4. Results

Twenty patients in both groups completed the trial out of 45 patients who were recruited in our study (5 patients were excluded from the study because of not meeting the inclusion criteria). On average, higher than 90% of capsules were taken in both groups. No serious adverse effects were reported following the taking of vitamin D in patients.

Mean age, height, weight, body mass index (BMI) and COWS at baseline and end-of-trial, age of first use, route of use of illegal opioid, type of drug, methadone dose, duration of MMT, psychiatric comorbidity and use of other drugs were not significantly different between the two groups (Table 2). After the 12-week intervention, serum 25(OH) vitamin D levels significantly increased in the intervention group compared with the placebo group (+8.5 ± 5.1 vs. -0.8 ± 3.0, P < 0.001).

Table 2. General Characteristics of the Study Participants (N = 20)a
Placebo GroupVitamin D GroupPb
Age, y43.4 ± 9.840.7 ± 6.40.30
Height, cm172.7 ± 7.7170.5 ± 8.70.40
Weight at study baseline, kg77.1 ± 12.271.9 ± 11.40.17
Weight at end-of-trial, kg77.0 ± 13.071.8 ± 11.80.19
Weight change, kg-0.1 ± 1.9-0.1 ± 1.30.98
BMI at baseline, kg/m225.9 ± 3.824.8 ± 3.80.39
BMI at end-of-trial, kg/m225.8 ± 4.224.7 ± 3.90.41
BMI change, kg/m2-0.1 ± 0.6-0.1 ± 0.40.95
Vitamin D at baseline, ng/mL13.8 ± 4.514.7 ± 3.70.49
Vitamin D at end-of-trial, ng/mL13.0 ± 6.423.2 ± 7.0< 0.001
Vitamin D change, ng/mL-0.8 ± 3.08.5 ± 5.1< 0.001
Withdrawal symptoms at baseline 27.6 ± 7.524.1 ± 13.10.30
Withdrawal symptoms at end-of-trial25.9 ± 7.921.4 ± 8.10.08
Withdrawal symptoms change -1.6 ± 4.3-2.7 ± 9.70.67
Age of first use, y22.8 ± 8.922.4 ± 8.80.88
Education, %0.63c
Illiterate10 (50)8 (40)
Elementary3 (15)4 (20)
Intermediate5 (25)7 (35)
Diploma2 (10)1 (5)
Marital status, %0.75c
Single12 (60)10 (50)
Married4 (20)3 (15)
Widow/divorced4 (20)7 (35)
Job, %0.81c
Unemployed13 (65)9 (45)
Employed0 (0)1 (5)
Others7 (35)10 (50)
Route of use of illegal opioid, %0.91c
Smoking6 (30)7 (35)
Smoking and injecting5 (25)4 (20)
Mix9 (45)9 (45)
Type of drug, %0.88c
Poly-drug users13 (65)14 (70)
Opium and opium residues4 (20)4 (20)
Opium and heroin3 (15)2 (10)
Methadone dose, mL/d18.5 ± 6.118.7 ± 6.80.90
Duration of MMT, y6.6 ± 2.85.7 ± 2.00.24
Psychiatric comorbidity, %0.88c
None14 (70)12 (60)
Mood disorder2 (10)2 (10)
Anxiety disorder2 (10)2 (10)
Mood and anxiety disorders1 (5)3 (15)
Others disorders1 (5)1 (5)
Use of other drugs1.00c
None13 (65)13 (65)
Benzodiazepine7 (35)7 (35)

aValues are expressed as mean ± SD or No. (%).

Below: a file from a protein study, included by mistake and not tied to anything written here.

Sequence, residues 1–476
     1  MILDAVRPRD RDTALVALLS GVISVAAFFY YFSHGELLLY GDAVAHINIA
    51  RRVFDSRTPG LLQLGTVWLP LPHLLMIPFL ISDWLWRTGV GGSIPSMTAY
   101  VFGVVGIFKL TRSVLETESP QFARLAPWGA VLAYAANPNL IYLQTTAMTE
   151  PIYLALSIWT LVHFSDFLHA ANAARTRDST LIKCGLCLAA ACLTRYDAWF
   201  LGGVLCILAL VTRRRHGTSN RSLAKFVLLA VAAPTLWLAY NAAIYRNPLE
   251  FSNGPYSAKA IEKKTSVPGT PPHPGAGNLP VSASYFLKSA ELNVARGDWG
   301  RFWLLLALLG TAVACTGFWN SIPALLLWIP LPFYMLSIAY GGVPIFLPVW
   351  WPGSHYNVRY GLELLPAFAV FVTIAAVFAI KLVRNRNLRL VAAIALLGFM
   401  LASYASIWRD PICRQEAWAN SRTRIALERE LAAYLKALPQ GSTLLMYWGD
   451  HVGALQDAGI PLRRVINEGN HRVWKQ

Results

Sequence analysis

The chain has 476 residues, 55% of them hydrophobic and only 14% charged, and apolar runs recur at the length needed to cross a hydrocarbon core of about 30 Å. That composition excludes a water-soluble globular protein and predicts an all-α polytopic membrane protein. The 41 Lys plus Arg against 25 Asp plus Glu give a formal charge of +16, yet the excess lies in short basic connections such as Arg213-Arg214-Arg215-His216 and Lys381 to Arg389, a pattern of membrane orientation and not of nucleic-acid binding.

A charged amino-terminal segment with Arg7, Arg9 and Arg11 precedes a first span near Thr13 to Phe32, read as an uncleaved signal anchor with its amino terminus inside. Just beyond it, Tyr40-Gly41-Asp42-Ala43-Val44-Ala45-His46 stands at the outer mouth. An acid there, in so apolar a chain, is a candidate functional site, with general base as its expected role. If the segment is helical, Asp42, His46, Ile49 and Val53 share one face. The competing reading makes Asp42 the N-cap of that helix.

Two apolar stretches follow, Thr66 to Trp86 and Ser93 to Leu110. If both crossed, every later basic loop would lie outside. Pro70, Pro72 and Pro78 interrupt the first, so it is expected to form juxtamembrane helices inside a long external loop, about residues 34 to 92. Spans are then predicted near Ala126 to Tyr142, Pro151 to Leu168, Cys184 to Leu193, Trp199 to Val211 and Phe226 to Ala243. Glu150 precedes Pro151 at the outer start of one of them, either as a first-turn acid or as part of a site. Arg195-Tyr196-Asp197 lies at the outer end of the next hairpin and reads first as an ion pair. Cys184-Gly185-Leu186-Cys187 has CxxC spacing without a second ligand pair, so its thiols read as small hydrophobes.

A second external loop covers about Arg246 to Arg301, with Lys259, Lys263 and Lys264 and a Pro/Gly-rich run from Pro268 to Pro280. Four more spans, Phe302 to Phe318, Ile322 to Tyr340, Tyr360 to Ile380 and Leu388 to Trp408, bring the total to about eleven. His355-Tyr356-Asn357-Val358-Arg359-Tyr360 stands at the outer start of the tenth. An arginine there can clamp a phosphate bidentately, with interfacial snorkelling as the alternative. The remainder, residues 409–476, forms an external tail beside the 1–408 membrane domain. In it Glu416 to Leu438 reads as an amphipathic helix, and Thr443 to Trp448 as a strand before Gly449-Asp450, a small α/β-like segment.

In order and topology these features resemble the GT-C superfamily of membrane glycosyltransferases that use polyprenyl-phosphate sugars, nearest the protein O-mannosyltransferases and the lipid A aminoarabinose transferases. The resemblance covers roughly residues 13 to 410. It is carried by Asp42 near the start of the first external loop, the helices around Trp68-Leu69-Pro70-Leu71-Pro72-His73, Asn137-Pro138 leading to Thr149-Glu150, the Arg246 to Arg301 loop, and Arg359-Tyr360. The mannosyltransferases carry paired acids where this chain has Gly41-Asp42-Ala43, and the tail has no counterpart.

bObtained from independent t-test.

cObtained from Fisher’s exact test.

Considering the 3-day dietary records obtained during the intervention, there was no statistically significant difference in terms of dietary macro- and micro-nutrient intakes between vitamin D and placebo groups (data not shown).

Results of RT-PCR demonstrated that compared with the placebo, vitamin D supplementation down-regulated gene expression of IL-1 (P = 0.01) in PBMCs of patients under MMT (Figure 1). There was no significant effect of vitamin D supplementation on gene expression of IL-8 and TNF-α in PBMCs of patients under MMT (Figures 1 and 2). Also, compared with the placebo, vitamin D supplementation up-regulated gene expression of PPAR-γ (P = 0.01) in PBMCs of patients under MMT (Figure 2). We adjusted the analysis for age and BMI at baseline. When we adjusted the analysis for age and baseline BMI, our findings did not alter (Table 3). In addition, when we controlled the analysis for age, BMI at baseline, duration of MMT and psychiatric comorbidity, our findings did not alter.

Effect of a 3-month supplementation with vitamin D or placebo on expression ratio of IL-8 and IL-1 gene in PBMCs of patients under MMT.
Figure 1. Effect of a 3-month supplementation with vitamin D or placebo on expression ratio of IL-8 and IL-1 gene in PBMCs of patients under MMT.
Effect of a 3-month supplementation with vitamin D or placebo on expression ratio of TNF-α and PPAR-γ gene in PBMCs of patients under MMT.
Figure 2. Effect of a 3-month supplementation with vitamin D or placebo on expression ratio of TNF-α and PPAR-γ gene in PBMCs of patients under MMT.
Table 3. Adjusted Changes in Gene Expression Related to Inflammation, Insulin and Lipid in Maintenance Methadone Treatment Patients That Received Either Vitamin D Supplements or Placebo (N = 20)a
Placebo GroupVitamin D GroupPb
IL-1 (fold change)
Model 1c-50.2 ± 23.478.3 ± 23.4< 0.001
Model 2d-40.5 ± 23.368.7 ± 23.20.002
IL-8 (fold change)
Model 1c-37.3 ± 16.6-6.9 ± 16.60.20
Model 2d-43.3 ± 19.3-0.9 ± 19.30.13
TNF-α (fold change)
Model 1c0.5 ± 0.2-0.1 ± 0.20.05
Model 2d0.5 ± 0.2-0.1 ± 0.20.08
PPAR-γ (fold change)
Model 1c0.5 ± 0.5-2.1 ± 0.5< 0.001
Model 2d0.5 ± 0.5-2.1 ± 0.5< 0.001

Abbreviations: IL-1, interleukin-1; IL-8, interleukin-8; PPAR-γ, peroxisome proliferator-activated receptor gamma; TNF-α tumor necrosis factor alpha.

aValues are expressed as mean ± SD.

bObtained from ANCOVA.

cModel 1: Adjusted based on age, BMI at baseline and baseline values of gene expression of variables.

dModel 2: Adjusted based on age, BMI at baseline and baseline values of gene expression of variables, type of drug, duration of MMT and psychiatric comorbidity.

5. Discussion